Jordan’s King Abdullah warns of ISIS’ resurgence

Jordan’s King Abdullah described the Islamic State’s re-emergence as “a threat to all of us—not only in the region but also in Europe and the rest of the world.”

WASHINGTON DC (Kurdistan 24) – The King of Jordan, Abdullah II, arrived in Brussels on Tuesday to attend a NATO conference. Just before leaving for Belgium, he warned of the re-emergence in Iraq and Syria of the so-called Islamic State.

The Jordanian ruler’s warning echoed those that have been made repeatedly by Kurdish officials. As Jabar Yawar, Secretary General of the Ministry of Peshmerga, affirmed on Saturday, “ISIS is still standing and posing a threat to the Kurdistan Region, Iraq, and the whole world.”

Read More: ISIS still ‘threat to the Kurdistan Region, Iraq, and the whole world:’ Peshmerga official

On Monday, in an interview with France 24, Abdullah warned, “We have seen over the past year, the re-establishment and rise of ISIS, not only in southern, eastern Syria but also in western Iraq.”

He described the Islamic State’s re-emergence as “a threat to all of us—not only in the region but also in Europe and the rest of the world.”

Abdullah stressed that the major issue that he would focus on during his trip to Europe, which also includes Paris and Strasbourg, seat of the European Parliament, is Iraq—and not Iran, despite the tensions between Washington and Tehran. Indeed, regarding Iran, Abdullah, like the Kurdish leadership, called for “dialogue” and “de-escalation.”

Read More: Kurdistan Region leaders discuss Iran missile attack, reiterate need for de-escalation

However, the tensions between the US and Iran have contributed to difficulties in combatting the Islamic State, as the Iraqi parliament, or at least its Shia members, who constitute a majority, voted for the removal of US troops from the country. The US rejected that move and has suggested, instead, an enhanced NATO presence there.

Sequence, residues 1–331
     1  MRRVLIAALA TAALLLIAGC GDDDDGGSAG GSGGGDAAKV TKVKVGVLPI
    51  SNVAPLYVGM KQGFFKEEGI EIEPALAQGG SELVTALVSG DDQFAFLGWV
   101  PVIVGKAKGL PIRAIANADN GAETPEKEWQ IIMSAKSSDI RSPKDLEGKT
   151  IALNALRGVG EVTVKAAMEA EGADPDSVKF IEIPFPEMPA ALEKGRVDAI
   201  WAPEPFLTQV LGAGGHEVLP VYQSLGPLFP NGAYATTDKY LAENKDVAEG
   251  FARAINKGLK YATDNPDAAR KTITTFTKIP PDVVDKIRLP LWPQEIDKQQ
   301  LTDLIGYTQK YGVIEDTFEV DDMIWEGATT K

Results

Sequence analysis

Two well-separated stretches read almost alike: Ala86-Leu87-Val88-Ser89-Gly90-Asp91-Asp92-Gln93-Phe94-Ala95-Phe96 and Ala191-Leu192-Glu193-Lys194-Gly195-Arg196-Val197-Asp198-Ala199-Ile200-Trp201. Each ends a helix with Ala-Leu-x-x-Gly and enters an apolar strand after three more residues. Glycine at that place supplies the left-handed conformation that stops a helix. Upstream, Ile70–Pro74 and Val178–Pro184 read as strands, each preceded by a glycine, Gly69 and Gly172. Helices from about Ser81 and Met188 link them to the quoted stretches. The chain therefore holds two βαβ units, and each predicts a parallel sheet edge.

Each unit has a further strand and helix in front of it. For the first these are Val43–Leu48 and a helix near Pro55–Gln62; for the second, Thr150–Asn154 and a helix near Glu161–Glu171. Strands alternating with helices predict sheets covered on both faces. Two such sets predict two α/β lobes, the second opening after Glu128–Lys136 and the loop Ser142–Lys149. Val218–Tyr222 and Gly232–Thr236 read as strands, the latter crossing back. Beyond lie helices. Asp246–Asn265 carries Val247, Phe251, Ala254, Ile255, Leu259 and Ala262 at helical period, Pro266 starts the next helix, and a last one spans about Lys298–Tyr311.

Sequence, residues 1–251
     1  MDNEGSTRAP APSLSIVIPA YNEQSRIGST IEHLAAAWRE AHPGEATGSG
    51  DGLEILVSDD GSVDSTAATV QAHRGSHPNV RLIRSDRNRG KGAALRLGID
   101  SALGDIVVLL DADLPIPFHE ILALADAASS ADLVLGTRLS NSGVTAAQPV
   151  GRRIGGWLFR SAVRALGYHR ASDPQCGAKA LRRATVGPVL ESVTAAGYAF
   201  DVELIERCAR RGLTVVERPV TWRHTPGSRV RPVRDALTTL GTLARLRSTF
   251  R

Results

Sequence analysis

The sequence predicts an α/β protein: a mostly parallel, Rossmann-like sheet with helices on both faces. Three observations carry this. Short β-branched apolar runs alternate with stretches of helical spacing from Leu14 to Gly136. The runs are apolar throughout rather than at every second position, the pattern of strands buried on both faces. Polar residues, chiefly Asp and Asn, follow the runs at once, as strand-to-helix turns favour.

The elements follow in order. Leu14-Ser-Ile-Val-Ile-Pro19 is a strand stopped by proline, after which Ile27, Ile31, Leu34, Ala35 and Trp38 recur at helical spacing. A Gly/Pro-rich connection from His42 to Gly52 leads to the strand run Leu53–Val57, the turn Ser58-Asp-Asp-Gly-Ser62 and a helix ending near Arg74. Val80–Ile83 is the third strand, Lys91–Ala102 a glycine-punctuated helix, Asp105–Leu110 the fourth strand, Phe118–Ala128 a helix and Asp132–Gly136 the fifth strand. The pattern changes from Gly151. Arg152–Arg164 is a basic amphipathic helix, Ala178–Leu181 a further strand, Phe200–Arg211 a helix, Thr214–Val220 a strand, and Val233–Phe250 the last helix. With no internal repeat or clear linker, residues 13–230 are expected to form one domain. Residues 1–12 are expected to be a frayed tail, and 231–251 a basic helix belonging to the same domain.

NATO’s Role?

NATO already has a training mission in Iraq, which is led by Canada. NATO suspended that mission in the Arab areas of Iraq, although not in the Kurdistan Region, following the US assassination of Qasim Soleimani, head of Iran’s Quds Force. Once circumstances allow, that work will resume.

US forces are in Iraq in an advisory, rather than a combat, role. Whether NATO is prepared to assume any of their tasks remains unclear, although DoD News, the official news outlet of the US Department of Defense, reported that Gen. Mark Milley, Chairman of the Joint Chiefs of Staff, who is representing the US at the NATO conference, “saw support from his counterparts for the alliance doing more in the Middle East.”

Jens Stoltenberg, NATO Secretary General, met with Abdullah and emphasized that “it was important to preserve the gains made against ISIS to ensure the terrorist group does not return,” according to a NATO statement.

Notably, Iraq’s Deputy Foreign Minister, Abdul Karim Hashim Aboualgus, was also present at the NATO meeting and also met with Stoltenberg.

Stoltenberg assured Aboualgus that “NATO remains fully committed to working with Iraq” and “is ready to resume training and capacity building efforts in Iraq, as soon as conditions on the ground allow,” according to another NATO statement.

Masoud Barzani, the long-time head of the Kurdistan Regional Government until stepping down from that post in 2017, but who remains head of the Kurdistan Democratic Party, recently warned a visiting US diplomat of the danger of a terrorist resurgence in terms very similar to Abdullah’s.

Read More: US State Dept. official meets with Kurdistan Region leaders in Erbil

On Thursday, while meeting with David Schenker, Assistant Secretary of State for Near Eastern Affairs, Barzani stressed “the importance of the International Coalition’s role in the fight against the terrorist group ISIS.” He warned that “without the ongoing support” of the US-led Coalition, the terrorist group “might reorganize under different names and slogans.”

In speaking to France 24, the Jordanian King also noted that there has been an increase in foreign fighters leaving Syria and headed for Libya. He suggested that Turkey, which is backing the beleaguered government in Tripoli, was turning a blind eye to the outflow, if not encouraging it.

“Several thousand hard-core foreign fighters have left Idlib, through [Syria’s] northern border and have ended up in Libya,” Abdullah said. Given Libya’s proximity to Europe, “that is also going to be an important discussion in the next couple of days,” he explained, as he warned about the growth of “extremist terrorist organizations” there.

Abdullah addresses the European Parliament later on Wednesday.

Editing by Karzan Sulaivany